Employers considering reducing employee work hours or placing employees on unpaid leaves of absence must follow the requirements of the Affordable Care Act when determining whether an employee is full time for the purposes of health care coverage. If an employer is using a look-back measurement method to determine full-time status, then a reduction in hours or leave of absence may not cause employees to lose health care coverage immediately. Instead, employers may be required to continue coverage for those employees for some time.

As we previously reported, the decision of whether to reduce employee hours, place employees on leave, or even terminate employees requires a thorough analysis from a benefits perspective. However, employers can easily overlook the requirements of the ACA during this evaluation. Health plans typically require employees to be regularly scheduled to work 30 or more hours per week to be eligible for benefits. To help employers determine whether an employee is full time, the ACA requires that employers establish a method for measuring hours of service. Employers may choose a monthly measurement period (basically, determining full-time status on a monthly basis) or a look-back method.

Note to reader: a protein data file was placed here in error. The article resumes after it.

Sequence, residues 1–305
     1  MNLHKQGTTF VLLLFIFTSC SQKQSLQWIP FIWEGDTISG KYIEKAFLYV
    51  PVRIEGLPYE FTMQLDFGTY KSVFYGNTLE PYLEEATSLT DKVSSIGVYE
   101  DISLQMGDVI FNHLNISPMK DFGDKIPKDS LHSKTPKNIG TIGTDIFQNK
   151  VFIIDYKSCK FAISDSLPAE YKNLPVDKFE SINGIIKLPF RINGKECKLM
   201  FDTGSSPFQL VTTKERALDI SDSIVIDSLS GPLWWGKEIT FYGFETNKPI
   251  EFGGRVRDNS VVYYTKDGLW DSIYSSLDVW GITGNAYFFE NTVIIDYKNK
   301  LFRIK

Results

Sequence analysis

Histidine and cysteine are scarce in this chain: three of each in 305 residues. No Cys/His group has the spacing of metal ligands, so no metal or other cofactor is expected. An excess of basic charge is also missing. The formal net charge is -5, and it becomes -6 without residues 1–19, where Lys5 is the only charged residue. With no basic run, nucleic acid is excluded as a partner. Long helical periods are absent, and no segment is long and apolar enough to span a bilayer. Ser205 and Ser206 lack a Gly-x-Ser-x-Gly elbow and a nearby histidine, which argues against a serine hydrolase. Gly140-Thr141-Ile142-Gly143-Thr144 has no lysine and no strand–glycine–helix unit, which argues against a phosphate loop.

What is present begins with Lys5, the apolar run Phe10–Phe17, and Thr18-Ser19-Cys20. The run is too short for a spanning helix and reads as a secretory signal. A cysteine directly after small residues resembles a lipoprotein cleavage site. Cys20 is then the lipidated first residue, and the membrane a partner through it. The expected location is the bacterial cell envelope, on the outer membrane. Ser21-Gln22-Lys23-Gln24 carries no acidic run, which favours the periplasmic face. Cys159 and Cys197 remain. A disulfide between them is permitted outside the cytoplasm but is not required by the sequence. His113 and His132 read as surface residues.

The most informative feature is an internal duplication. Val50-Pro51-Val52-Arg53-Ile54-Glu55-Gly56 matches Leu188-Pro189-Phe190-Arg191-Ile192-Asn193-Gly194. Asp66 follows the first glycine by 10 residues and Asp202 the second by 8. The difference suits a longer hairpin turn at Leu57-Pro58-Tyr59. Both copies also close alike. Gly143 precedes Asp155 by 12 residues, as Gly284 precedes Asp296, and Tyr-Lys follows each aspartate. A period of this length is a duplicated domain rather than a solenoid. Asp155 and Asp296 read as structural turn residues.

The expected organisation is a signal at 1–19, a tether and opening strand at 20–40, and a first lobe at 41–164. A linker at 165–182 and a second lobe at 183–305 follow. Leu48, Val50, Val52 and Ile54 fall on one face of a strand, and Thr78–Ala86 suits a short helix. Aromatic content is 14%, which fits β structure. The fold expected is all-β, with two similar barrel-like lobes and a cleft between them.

Under the look-back measurement method, the employer chooses a period of three to twelve months (called a “measurement period”) over which the employee’s hours are averaged to determine their full-time status. If the employee works 30 hours or more per week on average during the measurement period, then the employee is treated as a full-time employee for the purposes of health care coverage during the following “stability period,” even if the employee’s hours fluctuate during that time. The stability period is generally the same length of time as the measurement period.

Often, however, the ACA requirements are not explicitly incorporated into the terms of the plan document, and that is why employers need to know whether they have administratively adopted the look-back method of testing eligibility. When a health plan provides that an employee must be full time to be covered, employers cannot always assume that a reduction in hours or a leave of absence will immediately result in loss of full-time status under their plan, and, as a result, a loss in coverage. These special ACA rules may require coverage even when an employee is on leave or working reduced hours. Consequently, in either situation, employees may continue to be covered under a health plan because the plan specifically allows coverage in these situations, or because the employees are still considered to be full-time employees under the ACA rules. Of course, there are numerous special rules and exceptions that may apply to this ACA analysis, and employers should consult with their benefits counsel to determine their obligations.

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